You’ve published a great website, you’re blogging, accounts on social sites are in place, and you’re creating new content on a regular basis. You’re posting with SEO in mind, and maybe even doing some PPC (Pay Per Click) marketing to get visitors to your WordPress site. If those visitors are sitting at their desktop with a really big monitor, they’re experiencing the best of your web presence.
But what if they’re visiting your site from a smart phone with a 3″ or 4″screen width or from a 7″ or 10″ tablet? What if they’re visiting your site from a phone one day, and their tablet another day? What’s their experience then; what are they seeing and how well can they navigate around to the content they want and need? The screen real estate on your desktop is worth far less per pixel than the screen real estate on a smart phone or tablet. It’s a lot like the difference between a land parcel with a value that may be a few thousand dollars per acre, or it could be a few thousand dollars per front foot or square foot.
Your visitors are going places, and your site needs to go with them. Did you know that right now 5.1 billion of the 7.8 billion people on the planet own a cell phone. When surveyed, we find that smart phone users are accessing the Internet more every day, and from just about everywhere. They tell us they take their phones to bed, use them in the bath, and use them while watching TV. Many also use them while they’re doing other things on their desktop computers!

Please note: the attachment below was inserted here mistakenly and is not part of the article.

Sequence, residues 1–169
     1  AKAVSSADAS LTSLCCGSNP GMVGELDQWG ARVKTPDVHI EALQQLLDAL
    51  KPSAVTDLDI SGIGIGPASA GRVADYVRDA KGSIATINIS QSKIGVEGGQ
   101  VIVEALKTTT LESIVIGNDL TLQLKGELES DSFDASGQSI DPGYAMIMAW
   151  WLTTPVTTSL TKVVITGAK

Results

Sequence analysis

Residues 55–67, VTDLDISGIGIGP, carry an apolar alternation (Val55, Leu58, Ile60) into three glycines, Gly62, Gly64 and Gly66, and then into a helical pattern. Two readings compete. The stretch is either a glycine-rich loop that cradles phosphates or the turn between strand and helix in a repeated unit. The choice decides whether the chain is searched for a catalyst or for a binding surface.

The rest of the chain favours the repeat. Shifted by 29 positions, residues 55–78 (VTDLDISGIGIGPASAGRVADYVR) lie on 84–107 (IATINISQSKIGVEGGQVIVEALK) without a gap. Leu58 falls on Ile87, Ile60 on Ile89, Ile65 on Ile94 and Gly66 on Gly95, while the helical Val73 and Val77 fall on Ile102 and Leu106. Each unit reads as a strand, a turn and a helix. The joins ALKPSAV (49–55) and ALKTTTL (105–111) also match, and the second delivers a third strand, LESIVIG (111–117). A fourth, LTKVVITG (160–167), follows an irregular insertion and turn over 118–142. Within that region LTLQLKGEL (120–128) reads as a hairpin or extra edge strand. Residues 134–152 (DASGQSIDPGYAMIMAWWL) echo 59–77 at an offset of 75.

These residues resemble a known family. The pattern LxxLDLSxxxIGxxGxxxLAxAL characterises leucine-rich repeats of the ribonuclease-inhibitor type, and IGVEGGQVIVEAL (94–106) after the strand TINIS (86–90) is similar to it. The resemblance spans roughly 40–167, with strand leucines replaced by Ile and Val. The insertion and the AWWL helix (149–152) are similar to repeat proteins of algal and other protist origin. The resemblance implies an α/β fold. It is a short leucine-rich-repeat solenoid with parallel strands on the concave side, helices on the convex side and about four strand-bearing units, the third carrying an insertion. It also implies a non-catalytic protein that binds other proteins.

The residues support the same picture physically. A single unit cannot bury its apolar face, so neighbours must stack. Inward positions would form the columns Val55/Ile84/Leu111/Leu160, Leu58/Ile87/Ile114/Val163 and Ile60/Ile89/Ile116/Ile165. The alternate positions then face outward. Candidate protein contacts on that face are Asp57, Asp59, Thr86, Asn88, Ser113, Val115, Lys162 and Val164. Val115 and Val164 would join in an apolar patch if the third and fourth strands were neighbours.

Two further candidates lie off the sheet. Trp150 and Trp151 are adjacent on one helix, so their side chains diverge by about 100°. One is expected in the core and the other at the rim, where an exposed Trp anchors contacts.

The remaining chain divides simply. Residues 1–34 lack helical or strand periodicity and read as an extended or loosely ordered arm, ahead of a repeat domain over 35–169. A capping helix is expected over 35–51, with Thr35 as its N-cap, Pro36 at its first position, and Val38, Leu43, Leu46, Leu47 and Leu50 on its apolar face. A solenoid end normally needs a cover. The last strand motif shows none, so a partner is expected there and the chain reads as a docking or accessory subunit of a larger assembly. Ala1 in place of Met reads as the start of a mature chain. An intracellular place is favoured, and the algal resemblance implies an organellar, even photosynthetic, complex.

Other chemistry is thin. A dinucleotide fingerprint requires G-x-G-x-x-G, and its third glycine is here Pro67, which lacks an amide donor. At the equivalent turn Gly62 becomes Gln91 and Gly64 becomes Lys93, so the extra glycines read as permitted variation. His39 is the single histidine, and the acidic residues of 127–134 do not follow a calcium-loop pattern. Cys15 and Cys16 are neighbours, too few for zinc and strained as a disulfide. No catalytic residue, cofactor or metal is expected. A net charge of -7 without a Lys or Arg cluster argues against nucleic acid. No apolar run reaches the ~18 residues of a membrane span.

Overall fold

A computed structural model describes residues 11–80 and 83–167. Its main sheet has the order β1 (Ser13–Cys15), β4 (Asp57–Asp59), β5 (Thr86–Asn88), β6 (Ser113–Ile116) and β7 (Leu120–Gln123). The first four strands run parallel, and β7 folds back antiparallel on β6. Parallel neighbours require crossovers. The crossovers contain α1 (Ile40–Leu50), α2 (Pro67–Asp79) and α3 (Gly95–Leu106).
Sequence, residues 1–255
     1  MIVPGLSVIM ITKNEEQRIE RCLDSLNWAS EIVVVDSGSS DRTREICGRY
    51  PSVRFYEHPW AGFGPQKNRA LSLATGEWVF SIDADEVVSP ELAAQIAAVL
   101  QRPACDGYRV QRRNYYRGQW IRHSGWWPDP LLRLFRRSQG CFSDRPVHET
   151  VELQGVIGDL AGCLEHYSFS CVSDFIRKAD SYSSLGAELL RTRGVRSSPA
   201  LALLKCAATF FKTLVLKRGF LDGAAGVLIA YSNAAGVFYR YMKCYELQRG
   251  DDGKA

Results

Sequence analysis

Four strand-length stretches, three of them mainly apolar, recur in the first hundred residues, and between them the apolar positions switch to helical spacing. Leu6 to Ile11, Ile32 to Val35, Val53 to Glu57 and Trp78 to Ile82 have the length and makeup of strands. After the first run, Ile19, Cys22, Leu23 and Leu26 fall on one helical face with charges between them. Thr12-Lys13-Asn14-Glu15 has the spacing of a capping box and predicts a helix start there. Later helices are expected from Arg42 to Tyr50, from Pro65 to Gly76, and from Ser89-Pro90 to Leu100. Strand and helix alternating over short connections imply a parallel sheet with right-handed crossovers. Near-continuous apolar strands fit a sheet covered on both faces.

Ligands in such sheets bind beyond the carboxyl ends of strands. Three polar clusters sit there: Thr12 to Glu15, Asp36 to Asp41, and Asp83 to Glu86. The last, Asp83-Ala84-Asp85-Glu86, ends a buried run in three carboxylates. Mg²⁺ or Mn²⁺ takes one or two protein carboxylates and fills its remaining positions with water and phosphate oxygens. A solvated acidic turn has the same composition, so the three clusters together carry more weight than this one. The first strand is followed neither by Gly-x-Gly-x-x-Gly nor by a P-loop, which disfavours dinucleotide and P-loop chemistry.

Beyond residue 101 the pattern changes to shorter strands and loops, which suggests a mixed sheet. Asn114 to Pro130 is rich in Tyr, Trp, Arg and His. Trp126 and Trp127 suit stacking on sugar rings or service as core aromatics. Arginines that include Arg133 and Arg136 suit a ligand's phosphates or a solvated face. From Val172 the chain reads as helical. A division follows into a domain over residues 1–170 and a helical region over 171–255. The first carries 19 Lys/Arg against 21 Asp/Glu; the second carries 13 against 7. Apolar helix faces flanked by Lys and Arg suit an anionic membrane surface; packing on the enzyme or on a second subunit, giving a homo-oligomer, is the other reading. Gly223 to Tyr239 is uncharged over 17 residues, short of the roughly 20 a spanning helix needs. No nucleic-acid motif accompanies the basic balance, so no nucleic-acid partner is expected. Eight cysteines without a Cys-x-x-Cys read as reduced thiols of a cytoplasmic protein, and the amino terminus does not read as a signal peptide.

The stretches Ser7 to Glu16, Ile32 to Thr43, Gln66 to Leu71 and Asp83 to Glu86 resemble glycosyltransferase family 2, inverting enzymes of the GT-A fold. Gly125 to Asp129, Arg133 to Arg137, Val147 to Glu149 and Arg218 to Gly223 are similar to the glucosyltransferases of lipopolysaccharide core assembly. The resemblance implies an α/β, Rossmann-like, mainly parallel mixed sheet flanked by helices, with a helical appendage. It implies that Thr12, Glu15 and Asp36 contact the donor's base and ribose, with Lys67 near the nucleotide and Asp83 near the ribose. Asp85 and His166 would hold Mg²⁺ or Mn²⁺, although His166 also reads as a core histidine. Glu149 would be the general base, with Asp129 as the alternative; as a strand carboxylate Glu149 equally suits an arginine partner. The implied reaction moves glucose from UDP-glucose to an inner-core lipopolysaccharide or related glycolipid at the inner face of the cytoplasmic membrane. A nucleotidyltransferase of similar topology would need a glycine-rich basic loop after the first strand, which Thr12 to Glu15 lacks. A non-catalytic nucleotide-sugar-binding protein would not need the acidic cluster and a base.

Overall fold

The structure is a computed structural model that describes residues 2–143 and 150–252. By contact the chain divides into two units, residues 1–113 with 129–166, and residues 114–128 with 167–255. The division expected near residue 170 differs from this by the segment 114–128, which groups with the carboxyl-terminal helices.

“Mobile responsive” refers to a WordPress theme that is built from the ground up to adapt its display to the mobile device that’s accessing the site. Unlike plugins that try to do this and mostly just re-size the display by shrinking it, a mobile responsive theme changes the way the information and navigation are displayed so they’re usable as-is without zooming. Here’s an example of a theme we like at StudioPress.com that’s mobile responsive:
Now let’s look at it in portrait mode on an Android Phone, then again in landscape:
Notice that the theme isn’t just shrinking the display to fit the screen. It’s completely re-formatting the information to not only display better but to be large enough to allow navigation with a finger tap. Search boxes are usable and navigation buttons change size to display as many as possible, but in a way that keeps them in a usable format.
StudioPress has 20+ mobile responsive themes, but there are 16 more over at SoloStream, and you’ll want to check those out as well. One solostream theme that provides some really amazing design flexibility is WP-Bold. WP-Professional is a great one as well, but in all honesty, they’re all good.
The important thing is to take your site mobile, because that is the exact location where your prospects are using the Web more every day.